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Angiotensin I

Angiotensin I is a ten amino acid peptide formed by the breakdown of angiotensinogen by renin. Angiotensin I has little biological activity except that its high concentrations can stimulate catecholamine production. It is metabolized to biologically active angiotensin II by the Angiotensin Converting Enzyme (ACE). The formation of angiotensin I is controlled by the negative feedback of angiotensin I and II onto renin secretion and the concentration of aldosterone. Angiotensin I levels are elevated in many types of hypertension. Angiotensin I measurement is used to determine renin activity. Angiotensin I is excreted directly in the urine.

Medications such as diuretics, mineralocorticoids, glucocorticoids, estrogens, oral contraceptives, adrenocorticotropic hormone, sodium, and potassium as well as posture during blood sampling affect angiotensin I levels.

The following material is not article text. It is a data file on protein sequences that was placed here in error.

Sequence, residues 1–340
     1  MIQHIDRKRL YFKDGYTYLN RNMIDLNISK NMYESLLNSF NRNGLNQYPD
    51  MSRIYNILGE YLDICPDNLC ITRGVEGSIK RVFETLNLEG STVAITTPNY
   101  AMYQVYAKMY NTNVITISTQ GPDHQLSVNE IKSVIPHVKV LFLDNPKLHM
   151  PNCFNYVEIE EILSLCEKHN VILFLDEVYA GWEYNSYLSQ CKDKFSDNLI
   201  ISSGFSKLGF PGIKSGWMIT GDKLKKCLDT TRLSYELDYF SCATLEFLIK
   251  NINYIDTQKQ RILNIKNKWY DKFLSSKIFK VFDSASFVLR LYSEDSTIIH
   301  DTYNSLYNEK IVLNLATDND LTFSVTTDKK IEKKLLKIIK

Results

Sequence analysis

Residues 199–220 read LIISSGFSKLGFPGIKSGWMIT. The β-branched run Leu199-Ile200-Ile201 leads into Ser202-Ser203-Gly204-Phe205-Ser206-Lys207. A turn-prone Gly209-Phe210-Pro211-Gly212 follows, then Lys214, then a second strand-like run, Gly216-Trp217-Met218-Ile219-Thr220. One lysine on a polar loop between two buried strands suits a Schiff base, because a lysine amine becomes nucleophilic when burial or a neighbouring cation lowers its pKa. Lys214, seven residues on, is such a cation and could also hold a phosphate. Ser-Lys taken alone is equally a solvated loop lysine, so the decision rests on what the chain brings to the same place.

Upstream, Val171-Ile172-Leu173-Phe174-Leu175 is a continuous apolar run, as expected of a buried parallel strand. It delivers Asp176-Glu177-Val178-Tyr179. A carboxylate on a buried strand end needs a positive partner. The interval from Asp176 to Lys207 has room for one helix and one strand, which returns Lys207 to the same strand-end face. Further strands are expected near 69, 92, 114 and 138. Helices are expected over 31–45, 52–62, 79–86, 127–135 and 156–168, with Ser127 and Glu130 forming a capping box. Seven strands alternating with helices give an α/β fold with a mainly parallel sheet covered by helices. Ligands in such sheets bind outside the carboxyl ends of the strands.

Important Note

Laboratory test results are the most important parameter for the diagnosis and monitoring of all pathological conditions. 70%-80% of diagnostic decisions are based on laboratory tests. The correct interpretation of laboratory results allows a doctor to distinguish "healthy" from "diseased".

Laboratory test results should not be interpreted from the numerical result of a single analysis. Test results should be interpreted in relation to each individual case and family history, clinical findings, and the results of other laboratory tests and information. Your personal physician should explain the importance of your test results.

At Diagnostiki Athinon we answer any questions you may have about the test you perform in our laboratory and we contact your doctor to get the best possible medical care.

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